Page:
Franz Biebl (1906-2001)
Biebl wrote small, solidly constructed, highly inventive works primarily for church and community choruses.
Franz Biebl | Ave Maria (1964)
“Biebl has said of himself, ‘I am just a little composer of little songs.’ It is a humble assessment that is only partly true. The true part is that his work consists mainly of songs and smaller compositions. But there is nothing ‘little’ about the quality of his compositions.”
— Composer Wilbur Skeels
Franz Biebl was immersed in music all his life — church musician, organist, music professor, conductor of community choirs, highly skilled composer and arranger, director of music for German radio — yet he and his music are not well known, with the exception of his Ave Maria.
Biebl was born in Pursruck, Bavaria, September 1, 1906, his parents’ eleventh child. His formal music studies began in 1926 at the Musikhochschule in Munich, where he studied composition and conducting. He began his career as a church musician in 1932 at a large Catholic parish, and in 1939 was appointed as assistant professor of choral music at the Mozarteum in Salzburg, Austria.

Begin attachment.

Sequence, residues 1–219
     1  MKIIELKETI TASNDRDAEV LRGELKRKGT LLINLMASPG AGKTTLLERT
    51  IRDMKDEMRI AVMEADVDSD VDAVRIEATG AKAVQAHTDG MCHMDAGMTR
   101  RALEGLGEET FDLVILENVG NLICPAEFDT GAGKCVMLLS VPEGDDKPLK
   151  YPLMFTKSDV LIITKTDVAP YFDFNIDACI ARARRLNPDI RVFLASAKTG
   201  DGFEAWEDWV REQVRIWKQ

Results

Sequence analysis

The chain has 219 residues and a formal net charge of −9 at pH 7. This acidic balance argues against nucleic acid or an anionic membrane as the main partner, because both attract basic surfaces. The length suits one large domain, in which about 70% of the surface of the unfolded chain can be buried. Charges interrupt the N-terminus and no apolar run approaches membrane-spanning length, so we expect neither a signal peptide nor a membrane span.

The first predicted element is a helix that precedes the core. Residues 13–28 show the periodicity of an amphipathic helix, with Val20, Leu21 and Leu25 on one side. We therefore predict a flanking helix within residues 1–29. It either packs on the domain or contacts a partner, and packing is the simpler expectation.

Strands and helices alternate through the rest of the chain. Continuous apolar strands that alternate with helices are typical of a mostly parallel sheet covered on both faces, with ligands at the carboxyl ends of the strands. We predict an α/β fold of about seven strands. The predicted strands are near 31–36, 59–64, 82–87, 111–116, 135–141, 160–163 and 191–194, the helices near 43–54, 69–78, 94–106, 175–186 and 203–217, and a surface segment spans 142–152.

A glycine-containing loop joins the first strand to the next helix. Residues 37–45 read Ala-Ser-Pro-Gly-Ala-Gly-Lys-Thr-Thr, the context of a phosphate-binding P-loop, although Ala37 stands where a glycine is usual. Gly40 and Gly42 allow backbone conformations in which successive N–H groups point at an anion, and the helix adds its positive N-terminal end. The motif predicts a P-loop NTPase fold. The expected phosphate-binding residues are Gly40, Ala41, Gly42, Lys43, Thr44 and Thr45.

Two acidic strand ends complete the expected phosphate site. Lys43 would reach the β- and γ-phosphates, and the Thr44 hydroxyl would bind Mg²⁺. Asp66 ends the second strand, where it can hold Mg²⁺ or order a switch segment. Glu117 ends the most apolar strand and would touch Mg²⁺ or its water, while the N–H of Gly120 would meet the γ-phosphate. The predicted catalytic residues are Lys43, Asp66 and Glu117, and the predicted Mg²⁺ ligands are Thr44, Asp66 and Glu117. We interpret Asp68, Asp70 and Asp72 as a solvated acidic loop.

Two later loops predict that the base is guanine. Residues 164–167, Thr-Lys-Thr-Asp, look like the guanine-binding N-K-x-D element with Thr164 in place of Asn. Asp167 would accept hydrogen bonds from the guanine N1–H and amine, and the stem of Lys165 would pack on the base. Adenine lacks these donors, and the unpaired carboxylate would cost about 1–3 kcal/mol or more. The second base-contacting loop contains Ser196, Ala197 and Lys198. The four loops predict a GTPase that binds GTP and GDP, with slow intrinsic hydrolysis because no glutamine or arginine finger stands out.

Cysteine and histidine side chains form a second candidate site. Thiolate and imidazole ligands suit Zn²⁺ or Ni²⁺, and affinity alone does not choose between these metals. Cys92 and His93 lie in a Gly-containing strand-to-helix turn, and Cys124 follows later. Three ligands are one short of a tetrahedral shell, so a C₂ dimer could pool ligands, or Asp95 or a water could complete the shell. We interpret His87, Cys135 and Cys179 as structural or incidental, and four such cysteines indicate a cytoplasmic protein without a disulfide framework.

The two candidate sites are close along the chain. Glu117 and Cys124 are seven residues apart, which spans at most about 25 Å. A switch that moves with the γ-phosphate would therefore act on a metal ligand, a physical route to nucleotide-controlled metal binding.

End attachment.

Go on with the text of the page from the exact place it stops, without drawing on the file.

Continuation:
World War II intervened. Drafted into the German army in 1943, Biebl and his unit were captured by American forces in Italy in 1944. He spent two years as an American prisoner of war at Fort Custer near Battle Creek, Michigan. He was involved in music there as well: “It was a good time. I learned to know the Americans and a little bit of American life and democracy. We got enough to eat. Good food, just like the American soldiers had. ... I was allowed to arrange a choir and songs for it. The Americans helped me to arrange concerts with choir, soloists and chamber music.”
He returned to Austria after the war, then moved to Germany, where he continued his work as organist, choirmaster, and teacher. In 1959 he became the founding director of the Department of Choral Music at Bayerischen Rundfunk, the Bavarian State Radio Broadcasting Company. As director, he met and recorded many choirs from around the world, including the Cornell Glee Club, which brought the Ave Maria and some of his other pieces back to the United States for performance.
Biebl had written Ave Maria when he was organist and choirmaster in a parish at Fürstenfeldbruck. A member there had asked Biebel whether he would compose a piece for a chorus of his coworkers. Biebl agreed — and wrote the original Ave Maria for a double chorus of firemen. The work was made internationally famous by a Chanticleer recording several decades later, and is now available in many editions for a variety of vocal ensembles.